Ben has been riding Xato a lot for me lately, working on that ever elusive stop / go / turn that is apparently not part of a draught mule’s repertoire. Or at least, that’s what Xato believes to be true.
As you probably know, I lost my confidence last year and my saddle time since then has been brief, tearful, and not very fun. I had a few months where I didn’t ride at all, which wasn’t entirely intentional; we are so impossibly busy at the moment, and that combined with caring for four equines in winter meant that there was precious little time left for riding. However, I won’t deny that my fear of getting back on board certainly provided excuses for the rare occasions when I could have ridden.
When the clocks changed, we were able to fit some time into our evenings and I started having short lead-rein rides in the arena. The most annoying thing about this fear is that, on the ground, I can clearly see what I need to do and how to do it; but as soon as I get on board, all I can see is everything going horribly wrong. I’m convinced that the slightest movement is Xato about to bolt. I am very aware of this issue so please, no comments about “just think positive” – I’m not deliberately coming up with these bad scenarios as though that’s my warped idea of a good time!
The week before last I was feeling really confident and actually rode a whole length of the arena by myself (i.e. off the lead-rein – Ben was still on the ground nearby). I know, right? A whole length! I’ve only been riding twenty-five years…
I had ordered a gorgeous cotton ‘bosal’ from Earp Brand Western and my excitement at getting to try it out almost outweighed my fears. See, a bit of retail therapy is a good thing! Unfortunately, just as I’d ridden my length, our yard owner arrived to harrow the field by the arena. Xato doesn’t mind tractors but I got worried and jumped off. Ben led Xato around the arena, following the direction of the tractor as it rattled up and down beside the fence, and showed me that Xato didn’t mind it at all. I got back on, which I was pleased about, but couldn’t pluck up the courage to come off the lead-rein again while the tractor was there. However, it left me feeling annoyed because I had wanted to ride more by myself, and I took that as a sign that I was getting braver.
The next chance we had to ride was late in the day, and I suggested that Ben work Iris at the same time because I didn’t want him to miss out due to babysitting me. I was a little nervous but also excited to replicate and extend the Riding Like A Big Girl success of the last session.
I had an attack of the nerves once in the saddle and physically couldn’t bring myself to ask Xato to walk on, so Ben suggested asking him to turn right instead. I could do that. We noodled around a bit, and then Ben rode off and Xato and I followed. We did a few loops and a few turns, and I turned Xato away and did our own circles. It was going well and then I asked again for Xato to go in a different direction to Iris and he resisted. Feeling braver, I asked a little firmer and he set his neck, pulled back after Iris, and started walking quickly. I tried to get him to stop and received the same ironclad “no”. He eventually stopped when he reached Ben and Iris and I immediately jumped off and burst into tears, babbling about how I couldn’t stop him. So yeh: my mule walking a little faster than his usual slow-motion plod is enough to turn me into a panic-riddled mess. Whoo!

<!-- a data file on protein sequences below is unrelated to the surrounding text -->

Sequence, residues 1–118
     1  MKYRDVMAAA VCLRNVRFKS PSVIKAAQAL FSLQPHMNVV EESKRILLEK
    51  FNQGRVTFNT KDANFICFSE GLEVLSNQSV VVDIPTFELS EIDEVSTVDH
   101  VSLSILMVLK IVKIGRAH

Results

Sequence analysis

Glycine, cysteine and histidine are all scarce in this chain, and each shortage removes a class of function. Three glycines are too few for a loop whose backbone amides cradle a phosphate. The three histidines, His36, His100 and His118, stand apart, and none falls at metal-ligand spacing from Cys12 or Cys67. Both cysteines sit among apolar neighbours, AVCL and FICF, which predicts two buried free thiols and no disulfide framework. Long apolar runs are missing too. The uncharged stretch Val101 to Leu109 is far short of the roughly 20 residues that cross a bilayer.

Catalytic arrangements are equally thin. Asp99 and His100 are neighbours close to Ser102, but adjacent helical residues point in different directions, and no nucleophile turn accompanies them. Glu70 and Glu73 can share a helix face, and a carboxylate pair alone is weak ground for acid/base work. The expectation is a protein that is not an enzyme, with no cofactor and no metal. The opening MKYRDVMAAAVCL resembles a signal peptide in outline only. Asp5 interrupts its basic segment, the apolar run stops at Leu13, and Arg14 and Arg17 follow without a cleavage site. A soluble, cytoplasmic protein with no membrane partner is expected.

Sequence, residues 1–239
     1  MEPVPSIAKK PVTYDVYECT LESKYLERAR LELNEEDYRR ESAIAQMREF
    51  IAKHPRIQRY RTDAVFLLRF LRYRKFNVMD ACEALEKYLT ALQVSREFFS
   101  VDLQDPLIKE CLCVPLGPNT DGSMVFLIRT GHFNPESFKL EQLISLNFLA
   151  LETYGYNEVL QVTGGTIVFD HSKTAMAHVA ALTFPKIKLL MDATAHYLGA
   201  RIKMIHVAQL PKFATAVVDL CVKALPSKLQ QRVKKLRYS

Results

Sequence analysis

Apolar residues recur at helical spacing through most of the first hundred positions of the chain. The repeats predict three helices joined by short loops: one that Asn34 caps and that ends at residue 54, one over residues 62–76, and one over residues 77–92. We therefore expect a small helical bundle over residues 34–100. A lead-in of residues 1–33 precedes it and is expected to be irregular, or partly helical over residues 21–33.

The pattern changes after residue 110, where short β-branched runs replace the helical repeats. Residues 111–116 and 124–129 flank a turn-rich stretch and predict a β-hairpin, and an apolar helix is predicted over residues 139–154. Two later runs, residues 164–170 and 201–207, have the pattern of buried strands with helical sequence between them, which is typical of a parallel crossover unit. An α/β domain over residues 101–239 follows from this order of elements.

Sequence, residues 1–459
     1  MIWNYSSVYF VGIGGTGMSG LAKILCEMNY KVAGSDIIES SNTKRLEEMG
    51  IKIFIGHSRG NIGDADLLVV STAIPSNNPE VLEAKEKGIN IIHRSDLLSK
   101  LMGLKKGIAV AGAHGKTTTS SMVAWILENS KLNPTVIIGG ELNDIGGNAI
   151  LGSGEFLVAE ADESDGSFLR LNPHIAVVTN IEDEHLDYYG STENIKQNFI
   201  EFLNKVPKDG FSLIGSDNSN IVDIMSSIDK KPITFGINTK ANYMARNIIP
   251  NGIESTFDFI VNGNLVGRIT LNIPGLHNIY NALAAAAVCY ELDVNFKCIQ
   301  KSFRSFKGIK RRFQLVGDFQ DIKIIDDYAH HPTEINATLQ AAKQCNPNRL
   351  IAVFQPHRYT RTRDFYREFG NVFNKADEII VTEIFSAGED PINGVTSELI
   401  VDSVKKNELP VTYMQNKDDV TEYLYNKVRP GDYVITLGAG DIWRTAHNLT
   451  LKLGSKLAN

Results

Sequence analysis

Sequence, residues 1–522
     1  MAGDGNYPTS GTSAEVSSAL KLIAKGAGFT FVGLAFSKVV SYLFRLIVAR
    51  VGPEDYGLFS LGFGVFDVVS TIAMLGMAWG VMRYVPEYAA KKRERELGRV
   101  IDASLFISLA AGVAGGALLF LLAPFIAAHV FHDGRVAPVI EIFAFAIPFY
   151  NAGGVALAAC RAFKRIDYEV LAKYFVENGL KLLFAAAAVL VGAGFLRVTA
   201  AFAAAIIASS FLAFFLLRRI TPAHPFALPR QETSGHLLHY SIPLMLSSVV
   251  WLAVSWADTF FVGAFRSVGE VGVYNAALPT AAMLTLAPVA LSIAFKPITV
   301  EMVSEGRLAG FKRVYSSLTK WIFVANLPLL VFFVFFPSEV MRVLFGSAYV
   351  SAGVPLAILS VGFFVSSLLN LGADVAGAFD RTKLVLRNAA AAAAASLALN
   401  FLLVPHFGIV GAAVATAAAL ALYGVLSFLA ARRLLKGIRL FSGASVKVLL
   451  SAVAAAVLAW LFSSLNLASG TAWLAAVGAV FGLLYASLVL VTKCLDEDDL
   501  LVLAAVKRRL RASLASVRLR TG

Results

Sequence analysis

After this Ben decided to put in some proper work with Xato. He’s been riding him in the arena every single day for the past week, just trying to help Xato understand what the reins actually mean and trying to help him feel more confident about the world. Xato is not a naughty mule or a lazy one, he’s just a baby as far as his education goes; and he gets really, really anxious when his thought is interrupted. When he’s calm and his thought is the same as ours, he knows how to disengage and how to stop and bend; but if he thinks the answer is over there and we say no, it’s over here, it really bothers him and he will inevitably block everything out and just run to where he thinks he needs to be. He tries so hard and it’s as though he genuinely can’t believe that what we’re asking of him is as simple as it is. We say “what’s 2 + 2?” and he says “well what are the variables? What is the current phase of the moon and what is the exact latitude of this sum and is this a trick question?”
I know the obvious answer here is to get to a place where our thoughts are the same, but I absolutely still need him to respond – and most importantly stop – even when we have opposing views. I want him to express his opinions and if he feels he needs to move then that’s great, but I can’t feel safe until I know that I have an emergency brake if I need it. He needs to respond in every situation, not just when he feels like it.
Anyway, today was a good day because I a) got back on Xato after Ben had ridden him and b) rode him by myself. I did a whole lap of the arena this time. Ha! We still have work to do but he definitely felt better. For example, I can now cue him to stop by just exhaling and letting all the energy out of my body. He hadn’t really figured that one out before. He felt more willing to listen and less like his answer was going to be “OMG I DON’T KNOW LET’S JUST KEEP WALKING IN A STRAIGHT LINE UNTIL WE ACHIEVE SOMETHING”.
He’s such a good boy and all he wants is for things to be comfortable and safe. That’s pretty much all I want, too.